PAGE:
In Part 1 I came to the conclusion that what we think of social networking today is primarily a way of saying look at this. I don’t really consider that social networking. To me real social networking is a conversation, not a broadcast. Yes there are ways to respond back in facebook, twitter, and blogs, but it’s not designed for it much beyond an acknowledgement that you did look at that. There’s no easy way to branch off, or add people, or a host of other features to really have a conversation.
To me social networking is communicating with Dave and Brian on information security, talking with Lydia and Chris about sci-fi novels and comics, chatting with Sean about RPGs, talking with Mel about cooking, planning with Amy the move to the new house, or chatting with my brothers about video games.
The groups of people are much smaller, but even in the look at this model of social networking how many of your hundreds of facebook “friends” really care about that movie, or lunch, or sunset you just posted? So if we step back from the blogs, twitter, facebook, livejounal, etc. how do we have a real two-way conversation? The technology is out there, it’s just not labelled as social networking.
The bridge between large scale and intimate conversations especially for groups of people with common interests is a message board. I’ve been a member of a board about video games (among other things) for almost eight years. I’ve had plenty of conversations with those people about all sorts of topics. Wikis can also work if the ultimate goal is gathering a body of knowledge on a specific topic (like say a certain video game).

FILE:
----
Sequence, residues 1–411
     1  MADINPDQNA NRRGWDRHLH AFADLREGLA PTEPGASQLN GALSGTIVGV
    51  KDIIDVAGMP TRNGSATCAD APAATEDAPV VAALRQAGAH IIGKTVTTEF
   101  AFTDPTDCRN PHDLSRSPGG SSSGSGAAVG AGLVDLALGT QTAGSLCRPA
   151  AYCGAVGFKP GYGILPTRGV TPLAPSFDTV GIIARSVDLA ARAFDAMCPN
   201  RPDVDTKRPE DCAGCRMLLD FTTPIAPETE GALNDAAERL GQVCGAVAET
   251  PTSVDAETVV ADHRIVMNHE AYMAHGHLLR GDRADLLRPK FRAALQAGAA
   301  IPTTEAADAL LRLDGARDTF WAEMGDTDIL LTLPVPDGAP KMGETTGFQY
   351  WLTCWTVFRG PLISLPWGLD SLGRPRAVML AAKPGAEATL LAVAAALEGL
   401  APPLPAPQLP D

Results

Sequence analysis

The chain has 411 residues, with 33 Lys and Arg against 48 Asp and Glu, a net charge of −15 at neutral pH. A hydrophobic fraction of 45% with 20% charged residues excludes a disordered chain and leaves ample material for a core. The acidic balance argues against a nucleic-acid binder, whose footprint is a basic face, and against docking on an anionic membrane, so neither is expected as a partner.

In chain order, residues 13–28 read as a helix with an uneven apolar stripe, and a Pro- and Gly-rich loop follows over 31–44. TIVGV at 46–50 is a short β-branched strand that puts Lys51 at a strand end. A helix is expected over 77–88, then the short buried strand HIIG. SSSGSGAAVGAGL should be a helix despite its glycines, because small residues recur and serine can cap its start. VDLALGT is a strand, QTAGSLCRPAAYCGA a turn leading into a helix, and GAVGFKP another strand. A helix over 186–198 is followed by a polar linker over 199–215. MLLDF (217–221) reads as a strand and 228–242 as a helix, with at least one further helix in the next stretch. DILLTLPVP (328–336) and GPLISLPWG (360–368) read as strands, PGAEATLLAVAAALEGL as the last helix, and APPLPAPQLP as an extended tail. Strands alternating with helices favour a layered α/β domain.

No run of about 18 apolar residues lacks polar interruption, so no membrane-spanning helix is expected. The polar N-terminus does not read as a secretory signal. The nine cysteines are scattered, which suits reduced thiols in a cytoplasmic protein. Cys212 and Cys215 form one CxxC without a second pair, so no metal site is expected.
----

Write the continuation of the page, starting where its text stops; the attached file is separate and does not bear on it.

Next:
On a more personal level you have voice and text. Voice isn’t just phone. There’s Skype, Ventrilo, Xbox Live, and a host of other applications. Text isn’t just email. You’ve got instant messaging and even sms/mms on your phone.
Although each one of these solutions has advantages for small group or one on one communication they’re not ideal for meaningful conversations. That’s okay too. When Amy wants to tell me she’s having a good day an sms message to my cell phone is perfect for that. When I want to check in with my friends in Vancouver and see how the new game is shaping up, Gtalk or Xfire chat works very well.
But for discussions between small groups of trusted people, for meaningful conversations, for social networking I want:
- immediacy if you want - the ability to converse in real time if schedules align, but doesn’t have to
- history – the ability to go over the discussion to date and jump in late
- archive - the ability to go back at a later date (months, years later) and search for information or start it back up
- reference - the ability to link to other sources of information
- organization - the ability to handle multiple people and multiple threads of the conversation, maybe even some moderation functions
So here’s where I either blow your mind or cause you to click away from this site in disgust. I think the real future of social networking on the internet today is best exemplified by Google Wave. It’s by no means perfect, (#1 issue for me is it doesn’t work on phones) and it does not do look at this at all (which confused the hell out of many, many people when it launched a year ago), but it takes the best features of wikis, message boards, email and IM to bring a small group of people together to have a conversation about a topic.
So as an experiment if you want to have a conversation with me about this topic, I’ve created a public wave and invite you to join in and try it out. Wave is open to everyone, you just need to sign up with any email account and have a modern browser that can handle HTML 5. Let me know what you think.